Science and Technology links (August 18th, 2017)

We’d like, one day, to transplant pig organs into human beings. Sadly, this is currently very dangerous because, even though pigs are very similar to us, the small differences are cause for concern. Harvard’s George Church and his collaborators have shown that we can use gene editing (CRISPR) to make pig organs safer for human beings. It is believed that we could do the first pig-to-human transplantations within two years.

Dota 2 is a competitive video game where several human beings fight against each other. A startup called OpenAI and started by Elon Musk has defeated a single good player at the game. Details are still scarce but it seems like a worthwhile accomplishment, albeit it is not the case that human players are now obsolete.

The world’s oldest man, Israel Kristal, died. He was a Holocaust survivor and suffered tremendously, one suspects, as a young man. He was 113 years old.

You can use Google to dictate your documents in 119 languages.

Our hearts do not repair themselves very well. They inexorably age. Scientists have demonstrated that by injecting stem cells, they could rejuvenate old hearts. It works, in rats. CNN covered the study.

Arthritis is becoming more common, even after correcting for age and weight. We don’t know why.

There is no such thing as a healthy overweight person:

Conversely, irrespective of metabolic health, overweight and obese people had higher coronary heart disease risk than lean people. These findings challenge the concept of ‘metabolically healthy obesity’, encouraging population-wide strategies to tackle obesity.

Some company is making a tiny disk drive with a 50TB capacity. That’s a lot. (The American Library of Congress uses 15 TB.)

Damore, Google: my thoughts

So an engineer called Damore wrote a memo that opposed Google’s diversity policies and he was fired. Here is a questions-and-answers with me. I am the interviewer and the interviewee.

  • Did you read Damore’s memo?

    No. Not all of it. It wasn’t inspiring. To be fair, I am not sure that Damore meant it to become a best-seller.

    I did appreciate the plots where he illustrates the difference between population statistics and individual differences.

  • Wait! You actually looked a Damore’s memo? You should burn…

    No. It is fine to read anything you like.

  • Do you think that Damore should have been fired?

    Yes.

    As an employee, you have to tread carefully when opposing management and your colleagues. I’d say that this extends even to colleges. Writing an essay that effectively explains to your superiors that what they are doing is anti-science, even if you are right, is problematic. Even more so if you occupy a junior position.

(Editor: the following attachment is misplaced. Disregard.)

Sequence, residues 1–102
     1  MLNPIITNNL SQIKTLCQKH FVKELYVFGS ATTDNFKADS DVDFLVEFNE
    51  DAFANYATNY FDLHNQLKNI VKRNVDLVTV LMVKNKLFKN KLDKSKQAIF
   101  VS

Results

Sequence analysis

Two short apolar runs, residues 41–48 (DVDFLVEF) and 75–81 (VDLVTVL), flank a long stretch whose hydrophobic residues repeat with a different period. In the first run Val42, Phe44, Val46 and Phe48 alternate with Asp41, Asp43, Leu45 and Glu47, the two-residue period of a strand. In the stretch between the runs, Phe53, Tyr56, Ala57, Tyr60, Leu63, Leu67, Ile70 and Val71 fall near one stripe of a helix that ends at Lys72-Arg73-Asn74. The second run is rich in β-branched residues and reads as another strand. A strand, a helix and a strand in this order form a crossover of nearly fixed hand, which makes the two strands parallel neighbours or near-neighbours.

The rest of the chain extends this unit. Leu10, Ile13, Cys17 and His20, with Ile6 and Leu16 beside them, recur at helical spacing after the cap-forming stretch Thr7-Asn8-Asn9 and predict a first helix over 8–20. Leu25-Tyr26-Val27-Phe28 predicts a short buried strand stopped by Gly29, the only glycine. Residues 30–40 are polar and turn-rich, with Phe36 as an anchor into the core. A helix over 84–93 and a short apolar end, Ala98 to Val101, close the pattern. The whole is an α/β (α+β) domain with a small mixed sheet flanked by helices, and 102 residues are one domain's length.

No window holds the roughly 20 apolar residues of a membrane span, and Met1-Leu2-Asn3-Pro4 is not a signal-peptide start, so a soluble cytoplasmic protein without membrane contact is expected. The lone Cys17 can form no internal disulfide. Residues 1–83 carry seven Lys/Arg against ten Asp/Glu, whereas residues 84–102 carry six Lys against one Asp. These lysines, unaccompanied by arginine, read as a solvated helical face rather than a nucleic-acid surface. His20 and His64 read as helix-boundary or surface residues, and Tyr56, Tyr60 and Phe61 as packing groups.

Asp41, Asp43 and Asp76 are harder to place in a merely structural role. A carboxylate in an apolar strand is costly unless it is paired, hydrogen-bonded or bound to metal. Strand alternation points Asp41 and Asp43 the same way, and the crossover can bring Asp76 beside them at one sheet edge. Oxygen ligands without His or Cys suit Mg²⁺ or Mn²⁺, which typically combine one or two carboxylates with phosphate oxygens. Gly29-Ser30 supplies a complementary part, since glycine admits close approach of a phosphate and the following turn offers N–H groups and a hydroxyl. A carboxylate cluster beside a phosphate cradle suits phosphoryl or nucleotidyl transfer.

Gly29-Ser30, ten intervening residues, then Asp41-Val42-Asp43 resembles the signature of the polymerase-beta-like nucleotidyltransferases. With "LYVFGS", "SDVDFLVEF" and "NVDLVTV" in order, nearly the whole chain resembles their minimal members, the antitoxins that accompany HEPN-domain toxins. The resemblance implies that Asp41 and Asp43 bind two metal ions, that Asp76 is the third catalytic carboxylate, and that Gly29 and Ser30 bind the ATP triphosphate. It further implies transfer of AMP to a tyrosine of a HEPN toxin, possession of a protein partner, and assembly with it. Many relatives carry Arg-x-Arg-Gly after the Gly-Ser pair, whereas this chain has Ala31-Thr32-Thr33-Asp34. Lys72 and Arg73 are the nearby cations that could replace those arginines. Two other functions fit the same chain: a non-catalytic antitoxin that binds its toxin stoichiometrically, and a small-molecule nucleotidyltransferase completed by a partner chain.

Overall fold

It matters that Damore wrote his memo as a Google employee. Had he written an essay about the topic on a blog, or in a scientific journal of some sort, where he would have obfuscated the context sufficiently, things would be quite different.

    Note that even if management invites comments, it is no reason to start being critical.

    That is not to say, of course, that you should never be critical in the workplace. But unless you are explicitly mandated to provide a critical counterpoint to a given policy, you should abstain.

    More significantly, Damore became both a legal and reputational liability. Irrespective of the facts, keeping Damore around could give the impression that Google did have a toxic work environment for women. It is possible to build a convincing narrative around what Damore wrote.

    Note that it does not matter one iota if Damore is right scientifically.

  • Daniel, you are ignorant of the climate at Google. People can speak freely and even insult managers!

    Maybe so. But anecdotes do not invalidate general rules. Lots of very old people have smoked for decades. It does not mean that smoking is safe.

    It is my belief that what Damore did was dangerous.

    Put yourself in the shoes of a manager. Your management practices are not perfect. You know this. But it is a compromise between what is possible and what would be ideally possible. When employees start questioning your actions, from their point of view, everything is easy. “Your diversity policies are failing, scrap them”. However, you have another point of view, from higher-up. The criticism from low-level employees is not helping you nearly as much as they think it does, and it can make running your business harder.

    What are you going to do with employees that make your life harder as a manager? If you do not somehow dispose of them, you risk having a harder and harder time being efficient.

  • But Damore only had good intentions!